Stadium plans hit by political logjam, warns Glentoran Glens chief
Sport has become an "unwitting victim" of the collapse of Stormont's power-sharing Executive, the chairman of Glentoran FC has said.
Stephen Henderson outlined his concerns about how the political impasse could have a major impact on redeveloping stadiums such as The Oval and Casement Park.
As talks continue over restoring the Executive, Henderson said his club have been left in limbo over the future of their ground in east Belfast.
He claimed that every day without an Executive, thousands of pounds are being lost due to rising building costs.
And he warned that, should the country return to direct rule, public funding to stadiums here could be lost altogether.
Glentoran are due to receive £10m under the Government funding programme for sports stadia, allowing the club to redevelop a new 8,000 capacity stadium. A £36m raft of Government funding for local football ground development - with the Glens receiving just under a third of it - was due to be announced before Christmas.
But it was put on hold amid legal concerns, with the department aiming to ensure that every detail was watertight against any legal challenge or judicial review application from clubs unhappy with their share of the pot.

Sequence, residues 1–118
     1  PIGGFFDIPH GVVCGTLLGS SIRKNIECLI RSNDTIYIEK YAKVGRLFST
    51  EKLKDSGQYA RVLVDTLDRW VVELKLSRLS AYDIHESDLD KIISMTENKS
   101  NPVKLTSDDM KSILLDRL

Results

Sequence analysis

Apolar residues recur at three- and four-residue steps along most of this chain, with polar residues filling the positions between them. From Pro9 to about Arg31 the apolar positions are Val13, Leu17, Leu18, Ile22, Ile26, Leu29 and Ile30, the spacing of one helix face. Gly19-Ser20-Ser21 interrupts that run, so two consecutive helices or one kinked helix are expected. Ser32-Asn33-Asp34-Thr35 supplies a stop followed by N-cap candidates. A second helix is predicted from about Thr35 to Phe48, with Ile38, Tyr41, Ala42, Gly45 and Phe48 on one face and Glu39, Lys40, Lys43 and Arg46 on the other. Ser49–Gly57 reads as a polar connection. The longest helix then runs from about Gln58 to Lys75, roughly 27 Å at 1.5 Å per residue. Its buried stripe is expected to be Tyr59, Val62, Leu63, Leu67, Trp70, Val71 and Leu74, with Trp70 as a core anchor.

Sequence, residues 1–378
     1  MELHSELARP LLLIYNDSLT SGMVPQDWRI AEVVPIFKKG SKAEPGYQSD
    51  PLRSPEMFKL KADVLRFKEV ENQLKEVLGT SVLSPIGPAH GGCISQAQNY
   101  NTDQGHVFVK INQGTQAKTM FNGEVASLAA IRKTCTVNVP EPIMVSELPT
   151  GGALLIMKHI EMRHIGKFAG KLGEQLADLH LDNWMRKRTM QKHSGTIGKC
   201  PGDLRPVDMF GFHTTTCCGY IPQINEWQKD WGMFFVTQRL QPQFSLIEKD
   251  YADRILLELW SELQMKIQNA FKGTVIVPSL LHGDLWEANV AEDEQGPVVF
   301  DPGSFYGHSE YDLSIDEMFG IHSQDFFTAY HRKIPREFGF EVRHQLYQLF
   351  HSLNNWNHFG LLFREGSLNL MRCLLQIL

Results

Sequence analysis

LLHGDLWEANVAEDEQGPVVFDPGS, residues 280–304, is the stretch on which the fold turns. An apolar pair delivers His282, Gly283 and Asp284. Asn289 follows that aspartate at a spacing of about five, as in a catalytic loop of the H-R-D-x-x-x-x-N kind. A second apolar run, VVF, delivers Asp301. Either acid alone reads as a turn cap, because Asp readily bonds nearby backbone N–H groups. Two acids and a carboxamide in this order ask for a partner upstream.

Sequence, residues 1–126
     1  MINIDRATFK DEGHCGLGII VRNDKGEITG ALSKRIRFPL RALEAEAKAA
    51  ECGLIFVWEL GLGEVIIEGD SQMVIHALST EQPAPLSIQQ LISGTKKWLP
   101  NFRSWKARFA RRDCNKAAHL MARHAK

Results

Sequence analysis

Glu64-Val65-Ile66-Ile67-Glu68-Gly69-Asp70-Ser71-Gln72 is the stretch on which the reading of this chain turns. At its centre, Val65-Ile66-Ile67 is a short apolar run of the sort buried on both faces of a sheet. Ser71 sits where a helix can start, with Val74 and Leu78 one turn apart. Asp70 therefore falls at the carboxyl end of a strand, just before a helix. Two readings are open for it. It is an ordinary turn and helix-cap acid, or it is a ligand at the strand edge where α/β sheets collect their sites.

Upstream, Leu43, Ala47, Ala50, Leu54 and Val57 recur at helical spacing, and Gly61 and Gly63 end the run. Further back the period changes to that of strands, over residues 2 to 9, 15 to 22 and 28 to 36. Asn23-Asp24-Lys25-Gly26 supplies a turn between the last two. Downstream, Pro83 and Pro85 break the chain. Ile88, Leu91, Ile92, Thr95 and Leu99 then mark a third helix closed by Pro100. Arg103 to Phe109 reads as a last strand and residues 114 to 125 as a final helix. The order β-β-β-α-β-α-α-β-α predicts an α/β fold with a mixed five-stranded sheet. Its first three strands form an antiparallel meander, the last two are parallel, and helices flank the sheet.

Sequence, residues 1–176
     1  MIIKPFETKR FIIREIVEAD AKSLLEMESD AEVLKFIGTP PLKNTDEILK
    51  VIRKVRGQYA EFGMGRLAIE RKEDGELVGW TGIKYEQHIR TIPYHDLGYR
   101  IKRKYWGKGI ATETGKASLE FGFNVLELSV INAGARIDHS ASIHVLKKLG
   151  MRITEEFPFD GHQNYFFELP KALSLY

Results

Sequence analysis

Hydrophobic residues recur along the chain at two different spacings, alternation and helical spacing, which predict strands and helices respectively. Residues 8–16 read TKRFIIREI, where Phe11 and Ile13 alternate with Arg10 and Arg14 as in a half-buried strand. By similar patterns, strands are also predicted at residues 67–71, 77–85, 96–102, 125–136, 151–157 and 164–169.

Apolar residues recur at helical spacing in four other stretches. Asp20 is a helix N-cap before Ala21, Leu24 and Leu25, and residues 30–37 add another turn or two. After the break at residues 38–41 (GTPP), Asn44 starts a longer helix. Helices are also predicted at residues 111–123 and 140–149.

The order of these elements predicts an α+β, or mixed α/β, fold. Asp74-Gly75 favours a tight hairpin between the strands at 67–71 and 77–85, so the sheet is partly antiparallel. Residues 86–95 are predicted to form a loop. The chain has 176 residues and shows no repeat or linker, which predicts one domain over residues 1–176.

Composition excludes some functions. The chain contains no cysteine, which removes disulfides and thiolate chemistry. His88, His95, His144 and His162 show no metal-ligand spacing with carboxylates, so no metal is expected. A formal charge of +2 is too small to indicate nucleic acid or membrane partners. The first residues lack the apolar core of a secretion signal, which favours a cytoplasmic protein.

Then came the collapse of Stormont, which delayed the release of funding even further.
Henderson said that the sooner the Northern Ireland Executive is up and running, the better. "We are in limbo until we find out exactly what's happening with political talks ongoing," he said. "If a new Executive is formed and they get through the difficulties and appoint ministers we would be very hopeful that the scheme could be good to go as soon as the new minister is appointed, as it's now over a year since the public consultation took place on the scheme.
"If there is no agreement and no Executive can be formed and we go to a second election, I imagine nothing can happen until the results of that second election and then talks continue again.
"If it goes back to direct rule, then ultimately it will be the NIO who will take over the responsibility and have the ability in theory to push forward any budgetary commitments, but whether or not they take a fresh look at things is anybody's guess.
"There's always a danger that the money could be lost when you have a change of administration and the priorities are different. On the other hand, the money is ring-fenced within the Executive budget, so the money is committed.
"If the money is pulled on Irish League stadiums it may also be pulled on Casement Park.
"I don't think the money is going to be lost, but the big concern in all of this is that every day that goes by, build inflation increases so we, or any Irish League club, will be able to build less with the amount of money that is being allocated. There are thousands of pounds being lost every day just because building costs are continuing to increase.
"If we have to wait another year until money is released, and I'm talking about all of football and, indeed, Casement Park, the money that is being allocated will build you less of a stadium.
"Sport is one of the unwitting victims of this," he said.